Spencer review – Stewart is giving it her all

Cast: Kristen Stewart, Timothy Spall, Jack Farthing, Sean Harris, Sally Hawkins. Directed by Pablo Larraín.

Sometimes you just need an easy fix; you need to access something with minimal effort. For an easy Oscar, it’s the royals. Play a royal, make a film about a royal and it’s nominations/awards galore. Don’t believe me? Judi Dench gave what is essentially a glorified cameo to Shakespeare in Love (a total of eight minutes of screen time), and wound up with an Oscar.

Helen Mirren, Colin Firth, and a host of others can all attest to the wins/nominations that come from playing royals, and it’s true of television too. Pablo Lorrain doesn’t so much make biopics as he makes fantasias based on real people. Here we’re told the following film is a “fable based on a true tragedy”. We follow Diana, Princess of Wales over Christmas as she tries to grapple with her desire to be a good mother and the ever-present stare of royal protocol.

Kristen Stewart is getting all the plaudits for her turn as Diana, and it’s not hard to see why. She has the mannerisms and voice cadence right in a way that few others have, despite not going full hog for the hair she manages to suggest the figure rather than become the figure. Her performance and the feel that this is all her paranoid thoughts is quite interesting and she commits to the in-your-face style that the film is going for. Sean Harris, similarly, as the stern but ultimately human head chef is very good. All too often Harris is cast in roles that allow him to play up his slender frame and harsh voice, but here he’s a much more sympathetic person. Coupled with a small role from Sally Hawkins there is the potential for a portrait of someone of the upstairs who really belongs to the downstairs.

Kristen Stewart in Spencer.

But the film is far too self-conscious to ever go nuts. Much like Jackie, shining a light on a woman in the shadow of her powerful husband, his intense family, and his numerous affairs is an interesting concept. Jackie Kennedy and Diana have points of mutual crossover. Even so the film never fully commits to either idea – is she paranoid, or is this a grand gaslighting scheme by the royals. The institution of the Royal family isn’t played for the incestuous monstrosity it is but rather a settlement of OCD aliens that have to stick to a schedule lest disaster occur.

None of them look like the royals, perhaps if you wrapped a plastic bag around your head to the point of passing out and then took it off you might mistake the skinny Alan Bennett-look alike for Charles. Certainly even with the most kind hearted mind you’d say that the kids look like Harry and William. One might argue it doesn’t matter, only Diana is one of the most recognisable women of the last fifty years, and the Royals are the last big dynasty around. They’re globally known, their image everywhere. The film has the utmost sympathy for Diana and the hellish prison she finds herself, told when to open Christmas presents, how to sit, what to wear for each part of the day. It doesn’t, however, ever actually examine how much Diana uses her stature for her own selfish ends.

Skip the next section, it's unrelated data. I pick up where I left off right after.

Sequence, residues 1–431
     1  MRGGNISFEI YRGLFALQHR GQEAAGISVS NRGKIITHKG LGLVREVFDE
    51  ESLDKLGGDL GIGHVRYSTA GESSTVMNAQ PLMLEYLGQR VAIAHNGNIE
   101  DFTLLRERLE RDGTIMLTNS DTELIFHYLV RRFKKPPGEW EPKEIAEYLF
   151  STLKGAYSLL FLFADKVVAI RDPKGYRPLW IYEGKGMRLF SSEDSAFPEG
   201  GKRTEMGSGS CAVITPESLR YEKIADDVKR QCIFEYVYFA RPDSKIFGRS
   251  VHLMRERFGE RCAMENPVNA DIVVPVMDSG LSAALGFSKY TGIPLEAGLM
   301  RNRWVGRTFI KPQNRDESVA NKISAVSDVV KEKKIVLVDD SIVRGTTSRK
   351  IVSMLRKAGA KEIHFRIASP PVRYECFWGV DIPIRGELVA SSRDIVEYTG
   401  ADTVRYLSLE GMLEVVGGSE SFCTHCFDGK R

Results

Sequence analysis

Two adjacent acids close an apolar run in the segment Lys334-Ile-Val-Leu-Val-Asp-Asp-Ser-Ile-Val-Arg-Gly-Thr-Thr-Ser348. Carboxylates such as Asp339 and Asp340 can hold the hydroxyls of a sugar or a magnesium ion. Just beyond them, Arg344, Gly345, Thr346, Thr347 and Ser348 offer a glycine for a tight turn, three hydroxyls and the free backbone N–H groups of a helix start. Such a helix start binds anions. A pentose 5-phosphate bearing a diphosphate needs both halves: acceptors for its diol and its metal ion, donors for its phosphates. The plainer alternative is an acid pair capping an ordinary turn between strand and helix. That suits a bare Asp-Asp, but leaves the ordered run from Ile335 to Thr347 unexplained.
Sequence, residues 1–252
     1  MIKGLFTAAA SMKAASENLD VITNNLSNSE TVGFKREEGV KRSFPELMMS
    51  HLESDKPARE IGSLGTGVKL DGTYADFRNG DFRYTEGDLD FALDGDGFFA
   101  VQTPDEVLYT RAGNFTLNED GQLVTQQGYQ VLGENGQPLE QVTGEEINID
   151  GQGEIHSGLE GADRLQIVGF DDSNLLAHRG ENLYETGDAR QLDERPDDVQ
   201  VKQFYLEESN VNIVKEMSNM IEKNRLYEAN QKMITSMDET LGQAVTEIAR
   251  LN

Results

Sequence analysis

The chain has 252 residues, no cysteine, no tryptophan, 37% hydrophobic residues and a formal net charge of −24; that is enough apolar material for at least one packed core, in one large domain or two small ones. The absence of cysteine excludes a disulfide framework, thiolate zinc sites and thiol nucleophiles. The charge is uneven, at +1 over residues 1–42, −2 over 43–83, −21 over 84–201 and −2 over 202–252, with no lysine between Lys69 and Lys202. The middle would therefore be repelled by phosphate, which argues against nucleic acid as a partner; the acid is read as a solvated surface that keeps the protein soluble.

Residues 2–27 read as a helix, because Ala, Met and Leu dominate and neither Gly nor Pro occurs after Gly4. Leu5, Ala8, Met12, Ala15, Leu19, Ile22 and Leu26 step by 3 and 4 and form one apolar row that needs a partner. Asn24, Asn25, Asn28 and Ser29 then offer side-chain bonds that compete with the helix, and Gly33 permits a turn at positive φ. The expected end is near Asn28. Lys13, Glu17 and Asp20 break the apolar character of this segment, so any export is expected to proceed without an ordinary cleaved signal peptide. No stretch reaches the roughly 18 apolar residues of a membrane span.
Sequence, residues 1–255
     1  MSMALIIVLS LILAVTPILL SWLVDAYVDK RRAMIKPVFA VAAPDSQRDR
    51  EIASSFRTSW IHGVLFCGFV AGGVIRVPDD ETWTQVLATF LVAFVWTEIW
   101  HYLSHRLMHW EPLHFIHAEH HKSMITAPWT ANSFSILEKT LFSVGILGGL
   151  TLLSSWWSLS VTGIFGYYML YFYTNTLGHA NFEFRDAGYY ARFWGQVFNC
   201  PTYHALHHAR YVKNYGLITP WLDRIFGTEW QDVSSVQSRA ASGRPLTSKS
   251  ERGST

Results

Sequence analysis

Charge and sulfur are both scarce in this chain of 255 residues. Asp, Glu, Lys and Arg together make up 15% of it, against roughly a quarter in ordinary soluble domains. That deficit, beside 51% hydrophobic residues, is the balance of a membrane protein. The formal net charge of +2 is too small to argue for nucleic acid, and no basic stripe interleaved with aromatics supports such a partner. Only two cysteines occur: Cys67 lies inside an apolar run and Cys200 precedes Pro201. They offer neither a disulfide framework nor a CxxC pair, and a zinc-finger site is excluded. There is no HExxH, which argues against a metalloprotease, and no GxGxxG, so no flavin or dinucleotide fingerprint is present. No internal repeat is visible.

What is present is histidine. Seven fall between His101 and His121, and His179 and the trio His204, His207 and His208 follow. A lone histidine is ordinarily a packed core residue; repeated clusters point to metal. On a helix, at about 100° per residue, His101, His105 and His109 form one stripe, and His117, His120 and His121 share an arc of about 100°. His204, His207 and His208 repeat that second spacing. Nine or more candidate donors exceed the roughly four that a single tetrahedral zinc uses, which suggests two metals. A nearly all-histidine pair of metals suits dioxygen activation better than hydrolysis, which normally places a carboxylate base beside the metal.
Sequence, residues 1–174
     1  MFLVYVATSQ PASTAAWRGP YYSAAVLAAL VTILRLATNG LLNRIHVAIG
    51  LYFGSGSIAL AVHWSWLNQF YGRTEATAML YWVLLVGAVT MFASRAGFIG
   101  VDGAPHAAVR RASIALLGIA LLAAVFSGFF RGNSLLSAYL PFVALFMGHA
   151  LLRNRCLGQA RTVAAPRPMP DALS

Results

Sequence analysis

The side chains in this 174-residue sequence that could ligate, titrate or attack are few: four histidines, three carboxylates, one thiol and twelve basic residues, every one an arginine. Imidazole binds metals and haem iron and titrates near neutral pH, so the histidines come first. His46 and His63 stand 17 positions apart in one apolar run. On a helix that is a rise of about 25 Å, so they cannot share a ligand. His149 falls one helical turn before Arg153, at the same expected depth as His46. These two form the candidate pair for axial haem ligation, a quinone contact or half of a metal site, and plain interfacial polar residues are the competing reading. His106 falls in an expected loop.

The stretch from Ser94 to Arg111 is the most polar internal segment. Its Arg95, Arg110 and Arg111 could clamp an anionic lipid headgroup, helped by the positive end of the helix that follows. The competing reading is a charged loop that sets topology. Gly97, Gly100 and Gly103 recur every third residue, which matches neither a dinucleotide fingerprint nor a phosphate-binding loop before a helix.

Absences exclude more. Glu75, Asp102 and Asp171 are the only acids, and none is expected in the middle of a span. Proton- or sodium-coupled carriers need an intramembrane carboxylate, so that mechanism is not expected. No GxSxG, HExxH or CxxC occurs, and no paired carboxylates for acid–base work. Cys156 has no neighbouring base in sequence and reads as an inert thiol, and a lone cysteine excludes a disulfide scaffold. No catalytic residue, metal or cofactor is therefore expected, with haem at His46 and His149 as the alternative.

Her dresser, Hawkins (sublime but underused), is sent back to her home for Christmas. Diana demands like a two year old that she be brought back – it’s Christmas, Diana. The film also threatens to become a cross between David Cronenberg and Peter Jackson. A scene in which Diana forces pea soup into her mouth with the remnants of a pearl necklace looks like a scene from Brain Dead. Similarly, her being haunted by the ghost of Anne Boleyn feels like it’ll have horrific moments or more emotional significance, but ultimately it’s there to say – yo the royals have affairs and their wives pay. We know. The Church of England literally exists for that reason. Many times Diana sees herself as Anne, but nothing is done with this idea.

Ultimately, the idea is solid, and Stewart is giving it her all but the film simply cannot sustain its own momentum and so the whispering conversations between people and intense tracking shots fail to register the way they should.

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Paul Klein

Paul is Film & Media Editor @ No Majesty. Paul is a Film Studies Graduate from London, and former writer at The Metropolist.